The character or concept chosen can affect the number of photographs taken of a costume at conventions. Characters from popular media tend to be in more photos than characters from unpopular media. Popular characters tend to be in more photos than unpopular characters. Rare costumes tend to be in more photos than common costumes. Complex costumes tend to be in more photos than simple costumes. However, a well-executed costume will always be in more photographs than a poorly-executed costume.
Achieving a balance between favored characters/concepts and popularity can be difficult. Take some time to weigh the importance of each, and use that to narrow down costume ideas.
Collect multiple references of a character’s outfit with at least one shot from the front, back and side. If a character has props, do the same with each one.
Never use screenshots as a reference. Media lighting conditions often distort a character’s color scheme. With animation, some details may be forgotten, distorted or intentionally removed due to scene requirements or time constraints. Artbooks, concept designs and promotional material can be more reliable.
For people cosplaying original characters and concepts, sketch out designs from each of the three basic angles. Simplify core details, but render everything in color. Props and unique pieces of armor and clothing should be rendered complexly on their own detail pages.
Wigs are mandatory, even if a cosplayer’s natural hair matches their character’s hair. Natural hair doesn’t photograph well.
Never use a Halloween wig. Halloween wig fibers usually have a bright sheen, which ruins photographs. They’re not intended to be styled and usually break if styling is attempted.
Always read product descriptions on fiber type. Fiber type can affect the appearance and feel of a wig. More importantly, some fibers will burn if straightening or curling irons are used. Pick a fiber type of a wig based on the styling requirements for a costume.
Makeup is mandatory. Cameras distort and harshen appearance without it. The amount, types and brands of makeup required will vary by costume.
It’s highly recommended to watch or read multiple character specific tutorials before buying makeup. These tutorials often include item lists and show what products will look like when used.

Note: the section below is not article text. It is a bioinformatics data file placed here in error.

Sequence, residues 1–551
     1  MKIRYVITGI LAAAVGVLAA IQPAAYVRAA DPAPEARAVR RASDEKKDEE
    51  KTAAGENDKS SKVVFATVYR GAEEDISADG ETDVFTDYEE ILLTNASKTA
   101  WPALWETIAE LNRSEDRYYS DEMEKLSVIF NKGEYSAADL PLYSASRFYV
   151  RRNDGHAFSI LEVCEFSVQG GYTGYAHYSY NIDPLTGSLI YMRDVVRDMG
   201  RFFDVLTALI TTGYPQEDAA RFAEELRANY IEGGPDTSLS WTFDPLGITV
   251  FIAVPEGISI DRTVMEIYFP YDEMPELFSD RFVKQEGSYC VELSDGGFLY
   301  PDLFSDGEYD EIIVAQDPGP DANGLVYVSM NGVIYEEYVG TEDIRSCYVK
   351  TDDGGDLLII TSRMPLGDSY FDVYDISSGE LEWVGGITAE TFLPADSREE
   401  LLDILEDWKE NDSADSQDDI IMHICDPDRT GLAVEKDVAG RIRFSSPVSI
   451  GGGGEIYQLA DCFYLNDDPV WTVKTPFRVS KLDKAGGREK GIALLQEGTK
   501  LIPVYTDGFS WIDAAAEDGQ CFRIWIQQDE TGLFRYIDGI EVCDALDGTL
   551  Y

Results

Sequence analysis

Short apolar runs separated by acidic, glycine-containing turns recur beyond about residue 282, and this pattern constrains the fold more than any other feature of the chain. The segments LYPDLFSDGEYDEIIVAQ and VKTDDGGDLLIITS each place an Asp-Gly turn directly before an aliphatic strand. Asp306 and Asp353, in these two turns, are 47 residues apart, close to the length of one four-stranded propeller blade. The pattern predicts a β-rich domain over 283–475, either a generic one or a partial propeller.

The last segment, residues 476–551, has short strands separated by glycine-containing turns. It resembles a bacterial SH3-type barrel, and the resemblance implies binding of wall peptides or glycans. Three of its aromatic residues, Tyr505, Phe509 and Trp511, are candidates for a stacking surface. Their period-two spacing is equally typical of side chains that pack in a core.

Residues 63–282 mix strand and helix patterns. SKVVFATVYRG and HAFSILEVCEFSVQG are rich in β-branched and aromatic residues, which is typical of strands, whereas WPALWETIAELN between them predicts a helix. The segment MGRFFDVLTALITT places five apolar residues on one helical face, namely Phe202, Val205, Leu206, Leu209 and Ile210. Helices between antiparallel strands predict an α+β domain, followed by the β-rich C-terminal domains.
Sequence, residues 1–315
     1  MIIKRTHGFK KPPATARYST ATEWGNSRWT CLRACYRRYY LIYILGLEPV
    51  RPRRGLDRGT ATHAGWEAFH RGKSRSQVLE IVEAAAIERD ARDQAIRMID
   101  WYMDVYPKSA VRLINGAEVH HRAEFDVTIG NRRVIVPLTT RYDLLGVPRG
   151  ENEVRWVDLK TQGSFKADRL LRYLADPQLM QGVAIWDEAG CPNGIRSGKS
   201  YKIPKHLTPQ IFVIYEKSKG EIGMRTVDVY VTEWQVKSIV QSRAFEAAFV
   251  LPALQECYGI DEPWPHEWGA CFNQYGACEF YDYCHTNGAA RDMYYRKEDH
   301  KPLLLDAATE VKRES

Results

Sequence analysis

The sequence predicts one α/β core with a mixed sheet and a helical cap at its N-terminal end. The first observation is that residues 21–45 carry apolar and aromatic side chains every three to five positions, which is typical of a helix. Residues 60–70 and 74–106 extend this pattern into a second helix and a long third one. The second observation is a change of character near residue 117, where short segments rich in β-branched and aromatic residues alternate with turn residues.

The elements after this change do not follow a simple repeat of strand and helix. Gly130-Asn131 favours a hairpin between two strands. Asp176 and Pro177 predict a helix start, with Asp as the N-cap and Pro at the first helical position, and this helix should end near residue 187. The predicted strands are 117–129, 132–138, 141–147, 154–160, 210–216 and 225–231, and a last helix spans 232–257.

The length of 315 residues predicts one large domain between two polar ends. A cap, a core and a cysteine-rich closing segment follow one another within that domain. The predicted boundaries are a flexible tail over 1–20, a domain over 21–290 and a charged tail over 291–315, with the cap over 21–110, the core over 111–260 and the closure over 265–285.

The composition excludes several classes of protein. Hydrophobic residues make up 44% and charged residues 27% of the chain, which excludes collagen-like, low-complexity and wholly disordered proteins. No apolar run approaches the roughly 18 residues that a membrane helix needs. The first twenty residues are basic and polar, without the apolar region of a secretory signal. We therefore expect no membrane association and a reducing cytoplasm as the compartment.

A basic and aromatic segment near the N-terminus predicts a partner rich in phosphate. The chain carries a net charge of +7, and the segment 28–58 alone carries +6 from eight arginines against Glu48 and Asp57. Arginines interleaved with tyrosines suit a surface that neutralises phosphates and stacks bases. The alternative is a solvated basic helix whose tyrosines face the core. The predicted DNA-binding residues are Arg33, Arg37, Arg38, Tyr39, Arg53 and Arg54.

All materials used should align with a character’s status, history, and personality. Characters of high status typically require high quality fabrics with complex patterns. Characters of low status typically require low quality fabrics with simple or no patterns. Characters may express opinions on specific clothing styles or fabric types which may seriously limit cloth and metal options.
Some character objects and clothing pieces have specific materials listed. In those cases, materials don’t have to be exact, but they should closely resemble the correct ones.
The best way to keep costs down is to check the websites of popular fabric and craft stores for coupons and special offers, and study material alternatives. For instance, instead of styrene or wonderflex, armor and metal can be replicated with craft foam.
Props aren’t considered mandatory, unless a character is never shown without an item or accessory.
Research the purpose and history of props. Some characters will die without them. Some outfits only exist because of a prop’s presence. Guns and other weapons look weird if they’re held improperly. Understanding the history, purpose and use of items prevents embarrassment and ensures accuracy.
The torso and leg portions of a costume vary way too much to address generally. Search the master tutorial list linked at the top of this article for torso/leg wear guides.
Cosplay shoes should always match a character’s status and personality. A knight character will look silly with gray UGGs. A business character will look silly with sandals. Unless a character is normally portrayed with a weird shoe type, keep reality in mind.
The Golden Rule:
In closing, it’s always better to complete a simple costume well, than to complete a complex costume poorly. Nobody should feel pressured to break their budget over a costume, or to make projects that they don’t have the skill or time for.